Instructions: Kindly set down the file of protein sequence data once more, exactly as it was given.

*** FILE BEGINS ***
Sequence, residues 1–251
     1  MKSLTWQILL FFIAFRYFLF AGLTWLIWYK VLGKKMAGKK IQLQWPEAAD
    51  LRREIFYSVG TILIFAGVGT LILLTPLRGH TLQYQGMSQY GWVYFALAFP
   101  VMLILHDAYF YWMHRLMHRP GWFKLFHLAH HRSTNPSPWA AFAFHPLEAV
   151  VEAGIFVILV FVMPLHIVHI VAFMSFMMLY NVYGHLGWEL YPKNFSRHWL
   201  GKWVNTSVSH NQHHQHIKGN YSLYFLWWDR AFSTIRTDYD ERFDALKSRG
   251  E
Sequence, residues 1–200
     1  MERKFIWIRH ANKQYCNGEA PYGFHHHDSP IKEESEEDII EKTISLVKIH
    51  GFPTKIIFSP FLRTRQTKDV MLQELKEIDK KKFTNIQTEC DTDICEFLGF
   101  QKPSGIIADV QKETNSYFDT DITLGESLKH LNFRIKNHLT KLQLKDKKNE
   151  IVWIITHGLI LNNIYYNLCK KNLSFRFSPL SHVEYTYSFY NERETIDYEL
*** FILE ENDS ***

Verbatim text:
Sequence, residues 1–251
     1  MKSLTWQILL FFIAFRYFLF AGLTWLIWYK VLGKKMAGKK IQLQWPEAAD
    51  LRREIFYSVG TILIFAGVGT LILLTPLRGH TLQYQGMSQY GWVYFALAFP
   101  VMLILHDAYF YWMHRLMHRP GWFKLFHLAH HRSTNPSPWA AFAFHPLEAV
   151  VEAGIFVILV FVMPLHIVHI VAFMSFMMLY NVYGHLGWEL YPKNFSRHWL
   201  GKWVNTSVSH NQHHQHIKGN YSLYFLWWDR AFSTIRTDYD ERFDALKSRG
   251  E
Sequence, residues 1–200
     1  MERKFIWIRH ANKQYCNGEA PYGFHHHDSP IKEESEEDII EKTISLVKIH
    51  GFPTKIIFSP FLRTRQTKDV MLQELKEIDK KKFTNIQTEC DTDICEFLGF
   101  QKPSGIIADV QKETNSYFDT DITLGESLKH LNFRIKNHLT KLQLKDKKNE
   151  IVWIITHGLI LNNIYYNLCK KNLSFRFSPL SHVEYTYSFY NERETIDYEL